9. The point you make about open standards, and then later DRM, are the pertinent ones I believe. From a users perspective, there seems little difference between accessing Hulu content via a browser like Firefox and an interface like Boxee. I’m assuming the content owners however think there is material difference, around ads and interactivity I imagine. But unless they go the DRM route, a la Netflix with Silverlight, it seems highly unlikely that Hulu will be able to block access to what are essentially unencrypted streams for long.

  10. What evidence do you have for the assertion that “the same companies who run the wired phone networks” run the mobile phone networks?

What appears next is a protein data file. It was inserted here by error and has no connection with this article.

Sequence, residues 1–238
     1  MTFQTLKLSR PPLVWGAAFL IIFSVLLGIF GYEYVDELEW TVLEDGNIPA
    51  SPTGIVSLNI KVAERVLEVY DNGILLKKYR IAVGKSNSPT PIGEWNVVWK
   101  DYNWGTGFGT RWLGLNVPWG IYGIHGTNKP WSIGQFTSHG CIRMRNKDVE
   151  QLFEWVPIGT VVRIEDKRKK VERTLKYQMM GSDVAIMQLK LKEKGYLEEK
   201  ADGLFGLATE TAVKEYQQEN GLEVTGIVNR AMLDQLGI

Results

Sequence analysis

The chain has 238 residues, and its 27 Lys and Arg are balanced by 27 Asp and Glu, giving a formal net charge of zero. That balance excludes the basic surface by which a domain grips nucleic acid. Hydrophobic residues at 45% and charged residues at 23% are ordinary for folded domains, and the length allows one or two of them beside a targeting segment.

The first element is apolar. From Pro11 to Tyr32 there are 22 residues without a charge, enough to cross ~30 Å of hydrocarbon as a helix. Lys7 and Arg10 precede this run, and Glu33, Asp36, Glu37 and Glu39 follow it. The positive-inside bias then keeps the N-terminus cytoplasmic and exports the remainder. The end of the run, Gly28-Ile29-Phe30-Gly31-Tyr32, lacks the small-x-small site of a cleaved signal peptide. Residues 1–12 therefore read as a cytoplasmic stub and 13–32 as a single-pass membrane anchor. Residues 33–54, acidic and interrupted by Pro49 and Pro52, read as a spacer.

The largest mobile phone networks that I am aware of (see http://en.wikipedia.org/wiki/List_of_mobile_network_operators) such as Vodafone and China Mobile do not compete in fixed line services, and others such as O2 have only recently been bought by general telecommunications companies (Telefonica in the case of O2).

    • In the U.S., the two largest cellular phone companies are AT&T and Verizon. Guess who the two largest landline companies are?